(Bloomberg) - The former head of the JPMorgan Chase & Co. precious-metals business and his top gold trader were convicted in Chicago on charges they manipulated markets for years, handing the US government a win in its long crackdown on bogus “spoofing” orders.
Michael Nowak and Gregg Smith were found guilty Wednesday by a federal jury after a three-week trial and more than eight days of deliberations. Prosecutors presented evidence that included detailed trading records, chat logs and testimony by former co-workers who “pulled back the curtain” on how Nowak and Smith moved precious-metals prices up and down for profit from 2008 to 2016.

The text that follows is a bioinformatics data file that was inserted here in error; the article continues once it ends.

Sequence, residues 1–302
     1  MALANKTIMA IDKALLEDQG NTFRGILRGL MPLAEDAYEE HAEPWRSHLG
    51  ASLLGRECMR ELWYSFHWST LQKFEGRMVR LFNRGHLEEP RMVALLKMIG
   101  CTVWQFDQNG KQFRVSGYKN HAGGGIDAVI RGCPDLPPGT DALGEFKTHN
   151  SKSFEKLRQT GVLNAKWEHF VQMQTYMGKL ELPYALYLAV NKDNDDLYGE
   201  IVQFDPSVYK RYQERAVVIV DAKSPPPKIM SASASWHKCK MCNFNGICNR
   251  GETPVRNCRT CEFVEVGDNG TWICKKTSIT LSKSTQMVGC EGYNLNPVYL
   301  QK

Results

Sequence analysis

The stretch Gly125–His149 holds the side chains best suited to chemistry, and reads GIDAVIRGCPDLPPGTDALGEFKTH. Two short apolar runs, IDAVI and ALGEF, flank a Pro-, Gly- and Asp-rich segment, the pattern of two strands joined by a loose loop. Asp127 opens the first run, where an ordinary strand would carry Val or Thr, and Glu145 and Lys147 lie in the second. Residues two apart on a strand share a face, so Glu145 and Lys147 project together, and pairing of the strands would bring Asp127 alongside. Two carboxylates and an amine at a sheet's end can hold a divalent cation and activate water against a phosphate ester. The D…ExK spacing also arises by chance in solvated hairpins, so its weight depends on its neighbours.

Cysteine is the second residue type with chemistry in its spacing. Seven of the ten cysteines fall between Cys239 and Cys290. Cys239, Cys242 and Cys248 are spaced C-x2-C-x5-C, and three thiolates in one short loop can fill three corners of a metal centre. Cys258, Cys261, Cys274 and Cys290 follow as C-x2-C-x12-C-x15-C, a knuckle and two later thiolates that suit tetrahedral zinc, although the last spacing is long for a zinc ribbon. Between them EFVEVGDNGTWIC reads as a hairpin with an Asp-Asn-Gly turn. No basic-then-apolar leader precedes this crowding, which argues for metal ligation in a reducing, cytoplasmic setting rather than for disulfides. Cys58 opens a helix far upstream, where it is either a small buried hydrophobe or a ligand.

A third defendant, Jeffrey Ruffo, who was a salesman on the bank’s precious-metals desk, was acquitted of charges he participated in the conspiracy.
The case was the biggest yet in a crackdown by the US Justice Department. Nowak, the managing director in charge of the desk, and Smith, its top trader, were convicted of fraud, spoofing, market manipulation. The government alleged the precious-metals business at JPMorgan was run as a criminal enterprise, though the jury acquitted all three men of a separate racketeering charge.
“They had the power to move the market, the power to manipulate the worldwide price of gold,” prosecutor Avi Perry said during closing arguments.
US District Court Judge Edmond Chang said Nowak and Smith will be sentenced next year. Each faces decades in prison, though it may be far less. Two Deutsche Bank AG traders convicted of spoofing in 2020 were each sentenced to a year in prison.